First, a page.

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Why the Swedish and Finnish Air Forces are a powerful add to NATO

Michael Peck   

Why the Swedish and Finnish Air Forces are a powerful add to NATO
  • Finland and Sweden bring a fighter force roughly the size of the UK's to the NATO alliance.
  • Finland flies F/A-18 Hornets and has order a large number of F-35 stealth fighters.

Russia's decision to invade Ukraine has had an unintended consequence: a boost to NATO airpower.

Fearful of being Russia's next target, Finland joined NATO in 2023, followed by Sweden this March. This means the alliance will be augmented by their advanced aircraft and strategically located airbases.

"Finland and Sweden increase NATO's high-end airpower capacity," wrote RAND. Corp researchers Paul Cormarie and John Hoehn in a recent essay for the Modern War Institute at West Point.

In terms of numbers of aircraft, the new Nordic members would bring a considerable addition to NATO airpower in a conflict with Russia. Sweden currently has about a hundred Gripen jet fighters, while Finland has 62 American-made F/A-18 Hornets. That makes the combined Finnish/Swedish fighter contingent roughly equal to the combat jets of the UK's Royal Air Force and about is only one-third less than the roughly 200 fighter jets apiece flown by France and Germany.

The new allies bring numerous other advantages to European defense. When former Warsaw Pact states such as Poland joined NATO in the late 1990s, they were equipped with older Soviet jets, such as the MiG-29, that were of limited utility and interoperability to Western air forces. However, Sweden's JAS-39 Gripen is a capable fourth-generation fighter — roughly on a par with models like the F-16 — that fits comfortably with NATO technical standards and doctrine. The rugged Gripen is designed to take off and land from highways if airfields are knocked out and "has modern electric warfare capabilities and high readiness that can perform expeditionary operations — limiting Russia's ability to target aircraft on the ground," the essay said.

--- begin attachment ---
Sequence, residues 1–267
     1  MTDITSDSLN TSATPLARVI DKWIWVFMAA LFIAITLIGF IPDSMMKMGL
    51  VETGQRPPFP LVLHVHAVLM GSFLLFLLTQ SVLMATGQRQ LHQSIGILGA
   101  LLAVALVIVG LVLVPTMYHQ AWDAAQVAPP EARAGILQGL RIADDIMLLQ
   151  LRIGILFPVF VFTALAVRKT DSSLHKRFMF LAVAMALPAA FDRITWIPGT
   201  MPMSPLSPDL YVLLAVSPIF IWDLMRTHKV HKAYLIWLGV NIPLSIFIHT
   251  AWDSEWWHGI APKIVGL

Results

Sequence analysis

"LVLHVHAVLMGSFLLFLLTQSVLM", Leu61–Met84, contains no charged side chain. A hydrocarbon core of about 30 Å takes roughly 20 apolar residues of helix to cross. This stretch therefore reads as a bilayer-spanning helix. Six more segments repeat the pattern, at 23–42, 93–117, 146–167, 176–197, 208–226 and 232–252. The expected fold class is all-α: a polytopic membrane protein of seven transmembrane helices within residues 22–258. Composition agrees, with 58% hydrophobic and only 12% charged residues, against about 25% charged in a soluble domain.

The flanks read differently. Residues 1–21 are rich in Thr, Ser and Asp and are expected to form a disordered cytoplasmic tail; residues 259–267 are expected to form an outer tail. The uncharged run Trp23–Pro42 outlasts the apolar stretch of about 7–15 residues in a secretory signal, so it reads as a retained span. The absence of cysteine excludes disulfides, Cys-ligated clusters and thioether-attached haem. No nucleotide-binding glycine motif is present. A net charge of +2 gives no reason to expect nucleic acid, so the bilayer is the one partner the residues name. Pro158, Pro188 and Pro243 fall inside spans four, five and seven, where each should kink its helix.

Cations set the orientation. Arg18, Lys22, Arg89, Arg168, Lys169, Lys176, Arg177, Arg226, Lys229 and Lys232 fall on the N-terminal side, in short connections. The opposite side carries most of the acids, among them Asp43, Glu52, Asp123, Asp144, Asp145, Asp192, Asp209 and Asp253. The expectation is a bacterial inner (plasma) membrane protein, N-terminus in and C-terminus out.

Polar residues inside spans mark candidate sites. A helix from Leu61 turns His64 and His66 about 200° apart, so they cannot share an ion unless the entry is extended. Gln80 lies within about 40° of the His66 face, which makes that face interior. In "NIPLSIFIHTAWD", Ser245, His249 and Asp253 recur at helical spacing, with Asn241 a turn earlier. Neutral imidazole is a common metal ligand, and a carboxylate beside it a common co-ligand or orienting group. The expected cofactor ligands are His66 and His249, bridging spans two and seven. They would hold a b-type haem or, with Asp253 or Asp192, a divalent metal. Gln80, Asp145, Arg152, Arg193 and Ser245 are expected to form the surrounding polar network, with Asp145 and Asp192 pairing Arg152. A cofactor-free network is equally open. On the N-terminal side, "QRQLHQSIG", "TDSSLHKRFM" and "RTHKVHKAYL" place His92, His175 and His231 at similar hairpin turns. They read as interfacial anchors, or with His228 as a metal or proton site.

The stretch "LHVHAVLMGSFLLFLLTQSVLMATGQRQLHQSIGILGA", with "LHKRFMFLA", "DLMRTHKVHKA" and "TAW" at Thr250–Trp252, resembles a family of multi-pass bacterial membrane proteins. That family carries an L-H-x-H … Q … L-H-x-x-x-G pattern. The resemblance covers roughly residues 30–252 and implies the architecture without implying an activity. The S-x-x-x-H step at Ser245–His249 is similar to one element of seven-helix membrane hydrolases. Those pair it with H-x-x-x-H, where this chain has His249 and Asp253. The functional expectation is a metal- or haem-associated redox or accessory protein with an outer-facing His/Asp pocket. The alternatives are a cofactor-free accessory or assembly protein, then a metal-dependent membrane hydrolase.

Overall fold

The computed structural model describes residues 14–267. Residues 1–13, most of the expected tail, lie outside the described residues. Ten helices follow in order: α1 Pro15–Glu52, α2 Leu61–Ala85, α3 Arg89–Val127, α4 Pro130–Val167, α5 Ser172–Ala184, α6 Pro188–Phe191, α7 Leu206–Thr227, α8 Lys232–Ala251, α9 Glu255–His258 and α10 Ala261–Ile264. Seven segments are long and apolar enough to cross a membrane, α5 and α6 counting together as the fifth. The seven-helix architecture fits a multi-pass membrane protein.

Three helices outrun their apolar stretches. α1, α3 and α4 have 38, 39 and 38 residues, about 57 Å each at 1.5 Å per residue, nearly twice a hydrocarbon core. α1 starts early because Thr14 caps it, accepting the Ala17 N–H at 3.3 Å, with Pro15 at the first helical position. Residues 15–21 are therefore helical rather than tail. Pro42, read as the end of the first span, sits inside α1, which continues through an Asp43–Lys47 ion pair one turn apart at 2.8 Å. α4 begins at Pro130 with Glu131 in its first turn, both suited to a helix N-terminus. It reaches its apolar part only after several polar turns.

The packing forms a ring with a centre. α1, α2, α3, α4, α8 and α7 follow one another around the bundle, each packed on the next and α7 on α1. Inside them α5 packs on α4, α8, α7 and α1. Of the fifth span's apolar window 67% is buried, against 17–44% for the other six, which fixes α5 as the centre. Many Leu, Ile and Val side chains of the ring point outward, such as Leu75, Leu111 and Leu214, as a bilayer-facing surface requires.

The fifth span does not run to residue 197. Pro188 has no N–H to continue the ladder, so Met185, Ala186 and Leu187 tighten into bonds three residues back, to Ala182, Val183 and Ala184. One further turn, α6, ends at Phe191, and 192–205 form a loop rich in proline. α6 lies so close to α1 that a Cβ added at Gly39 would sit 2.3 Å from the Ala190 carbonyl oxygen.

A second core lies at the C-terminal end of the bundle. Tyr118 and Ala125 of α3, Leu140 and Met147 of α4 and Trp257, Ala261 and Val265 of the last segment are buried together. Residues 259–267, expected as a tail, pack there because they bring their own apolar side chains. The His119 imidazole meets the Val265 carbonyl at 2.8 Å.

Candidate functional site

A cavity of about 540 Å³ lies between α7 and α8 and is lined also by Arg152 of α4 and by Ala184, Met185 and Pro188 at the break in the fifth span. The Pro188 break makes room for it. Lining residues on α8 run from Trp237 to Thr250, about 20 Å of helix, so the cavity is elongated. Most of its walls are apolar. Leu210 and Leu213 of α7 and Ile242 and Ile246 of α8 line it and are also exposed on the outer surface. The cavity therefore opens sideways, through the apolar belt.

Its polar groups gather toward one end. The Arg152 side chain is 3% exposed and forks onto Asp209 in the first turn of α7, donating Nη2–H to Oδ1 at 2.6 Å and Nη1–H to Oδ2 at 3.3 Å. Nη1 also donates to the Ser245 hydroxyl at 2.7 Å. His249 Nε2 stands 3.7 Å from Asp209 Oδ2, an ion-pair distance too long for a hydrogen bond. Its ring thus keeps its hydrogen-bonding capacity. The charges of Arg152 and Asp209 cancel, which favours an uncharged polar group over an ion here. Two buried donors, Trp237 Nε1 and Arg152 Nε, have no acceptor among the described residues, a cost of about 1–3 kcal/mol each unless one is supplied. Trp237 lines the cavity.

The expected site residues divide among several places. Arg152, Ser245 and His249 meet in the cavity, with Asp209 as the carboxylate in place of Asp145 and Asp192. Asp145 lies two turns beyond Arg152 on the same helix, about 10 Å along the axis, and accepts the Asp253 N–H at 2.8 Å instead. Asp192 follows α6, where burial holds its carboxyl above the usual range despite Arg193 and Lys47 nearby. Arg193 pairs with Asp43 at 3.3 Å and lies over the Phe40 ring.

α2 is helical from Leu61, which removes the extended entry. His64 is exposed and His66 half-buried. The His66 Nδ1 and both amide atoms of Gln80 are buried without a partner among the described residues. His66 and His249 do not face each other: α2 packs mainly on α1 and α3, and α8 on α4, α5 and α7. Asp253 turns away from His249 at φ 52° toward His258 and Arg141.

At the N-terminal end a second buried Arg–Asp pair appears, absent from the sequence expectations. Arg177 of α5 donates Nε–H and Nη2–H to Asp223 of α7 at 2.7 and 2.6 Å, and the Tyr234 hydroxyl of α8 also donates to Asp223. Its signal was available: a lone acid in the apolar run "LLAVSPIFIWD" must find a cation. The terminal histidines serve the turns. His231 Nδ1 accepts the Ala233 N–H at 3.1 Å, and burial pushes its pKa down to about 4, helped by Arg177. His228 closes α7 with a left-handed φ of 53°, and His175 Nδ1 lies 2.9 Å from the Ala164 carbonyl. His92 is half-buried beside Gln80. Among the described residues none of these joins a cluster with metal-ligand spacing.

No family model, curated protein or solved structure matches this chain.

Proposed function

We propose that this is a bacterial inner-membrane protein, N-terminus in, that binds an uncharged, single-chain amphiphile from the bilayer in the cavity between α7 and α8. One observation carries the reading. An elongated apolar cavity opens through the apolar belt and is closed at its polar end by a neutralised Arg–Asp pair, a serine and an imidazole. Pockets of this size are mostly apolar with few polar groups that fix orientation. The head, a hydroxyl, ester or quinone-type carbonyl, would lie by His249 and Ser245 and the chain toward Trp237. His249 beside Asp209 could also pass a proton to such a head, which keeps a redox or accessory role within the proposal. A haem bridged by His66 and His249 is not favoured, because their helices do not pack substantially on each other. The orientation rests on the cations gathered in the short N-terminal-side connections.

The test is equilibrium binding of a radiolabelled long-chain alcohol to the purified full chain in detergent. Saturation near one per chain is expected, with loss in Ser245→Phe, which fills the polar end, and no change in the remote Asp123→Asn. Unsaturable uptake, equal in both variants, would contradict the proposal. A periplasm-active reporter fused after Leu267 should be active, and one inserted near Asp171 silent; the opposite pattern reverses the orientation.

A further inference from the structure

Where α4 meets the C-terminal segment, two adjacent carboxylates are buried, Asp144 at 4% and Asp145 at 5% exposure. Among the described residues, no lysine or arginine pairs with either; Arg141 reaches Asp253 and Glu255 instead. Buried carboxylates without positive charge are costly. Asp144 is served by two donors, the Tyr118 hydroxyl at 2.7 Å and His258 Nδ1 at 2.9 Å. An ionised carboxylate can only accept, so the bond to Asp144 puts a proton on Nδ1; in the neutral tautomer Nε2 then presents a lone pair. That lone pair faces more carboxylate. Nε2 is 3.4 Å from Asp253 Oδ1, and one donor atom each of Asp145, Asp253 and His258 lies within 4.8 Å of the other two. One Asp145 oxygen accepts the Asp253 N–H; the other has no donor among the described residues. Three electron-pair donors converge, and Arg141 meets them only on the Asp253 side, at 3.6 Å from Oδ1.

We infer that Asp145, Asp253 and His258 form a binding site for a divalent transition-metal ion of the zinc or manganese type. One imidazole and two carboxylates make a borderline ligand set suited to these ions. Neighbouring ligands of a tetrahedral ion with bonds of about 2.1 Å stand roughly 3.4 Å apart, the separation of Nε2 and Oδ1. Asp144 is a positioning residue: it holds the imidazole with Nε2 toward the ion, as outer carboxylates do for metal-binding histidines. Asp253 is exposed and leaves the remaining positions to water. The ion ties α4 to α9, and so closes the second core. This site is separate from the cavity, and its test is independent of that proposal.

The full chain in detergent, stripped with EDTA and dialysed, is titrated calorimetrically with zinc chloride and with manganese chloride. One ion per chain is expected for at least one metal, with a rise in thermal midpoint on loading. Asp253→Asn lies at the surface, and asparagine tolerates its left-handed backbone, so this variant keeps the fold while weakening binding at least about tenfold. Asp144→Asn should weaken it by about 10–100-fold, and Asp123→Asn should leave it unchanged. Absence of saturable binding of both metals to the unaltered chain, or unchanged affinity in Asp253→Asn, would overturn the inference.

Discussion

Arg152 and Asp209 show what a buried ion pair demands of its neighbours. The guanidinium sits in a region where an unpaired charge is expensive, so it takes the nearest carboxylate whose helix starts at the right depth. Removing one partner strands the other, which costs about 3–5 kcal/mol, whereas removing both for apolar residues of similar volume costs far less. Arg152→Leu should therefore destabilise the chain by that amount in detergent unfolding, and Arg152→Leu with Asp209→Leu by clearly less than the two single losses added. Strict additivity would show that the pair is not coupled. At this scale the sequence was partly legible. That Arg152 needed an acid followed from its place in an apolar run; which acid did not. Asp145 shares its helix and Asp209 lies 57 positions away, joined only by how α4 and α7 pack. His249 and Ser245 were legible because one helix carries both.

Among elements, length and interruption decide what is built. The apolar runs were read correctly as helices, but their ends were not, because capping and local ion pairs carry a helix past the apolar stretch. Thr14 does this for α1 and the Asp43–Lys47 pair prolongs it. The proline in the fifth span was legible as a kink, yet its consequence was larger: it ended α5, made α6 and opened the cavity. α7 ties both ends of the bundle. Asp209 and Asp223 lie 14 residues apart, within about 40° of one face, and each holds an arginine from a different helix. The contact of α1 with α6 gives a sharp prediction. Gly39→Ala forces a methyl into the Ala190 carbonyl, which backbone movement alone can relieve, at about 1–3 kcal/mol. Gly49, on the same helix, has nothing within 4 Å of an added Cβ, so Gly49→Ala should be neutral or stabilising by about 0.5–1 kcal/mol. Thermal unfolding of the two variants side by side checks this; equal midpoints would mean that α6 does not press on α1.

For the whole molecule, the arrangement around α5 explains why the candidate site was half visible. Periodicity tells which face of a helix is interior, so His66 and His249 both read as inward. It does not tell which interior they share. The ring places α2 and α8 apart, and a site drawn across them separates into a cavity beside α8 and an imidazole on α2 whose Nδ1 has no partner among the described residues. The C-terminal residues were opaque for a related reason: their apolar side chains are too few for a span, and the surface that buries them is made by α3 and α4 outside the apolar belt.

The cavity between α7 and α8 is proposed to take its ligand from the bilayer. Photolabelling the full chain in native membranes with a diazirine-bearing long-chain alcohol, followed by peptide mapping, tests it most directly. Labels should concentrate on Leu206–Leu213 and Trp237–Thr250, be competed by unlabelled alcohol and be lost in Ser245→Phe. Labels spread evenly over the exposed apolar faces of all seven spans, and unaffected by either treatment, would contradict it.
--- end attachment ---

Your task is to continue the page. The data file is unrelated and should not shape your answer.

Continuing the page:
Finland's F/A-18 Hornets — which used to be the US Navy's standard fighter — are already compatible with NATO air forces. But Finland will soon field an extraordinarily potent air force for a nation of less than 6 million people. It has ordered 64 American-made F-35 stealth fighters, the second-largest F-35 acquisition in Europe, after Britain's. This puts several squadrons of stealth fighters on Russia's northern border, with the potential to penetrate and suppress Russian air defenses, and hit vital targets.

Sweden and Finland also help NATO simply by the existing. They border Russia and are close to the Baltic States, the small countries likely under the greatest Russian threat. Sweden is also on the Baltic Sea, while Norway borders the Barents, Norwegian and North Seas.

"Geography matters," Cormarie and Hoehn wrote. "Both Finland's and Sweden's proximity allows NATO air forces to stage closer to the Baltics. This reduces logistical constraints and better enables the alliance to sustain air operations, while also increasing aircraft persistence."

Sweden also possesses a defense-industrial base that can build sophisticated jets. With American and European defense firms struggling to meet surging demand, Sweden's additional manufacturing capacity is a significant boost to NATO's ability to replace losses. "Few other NATO nations have active production lines capable of producing modern fighter aircraft," the essay said.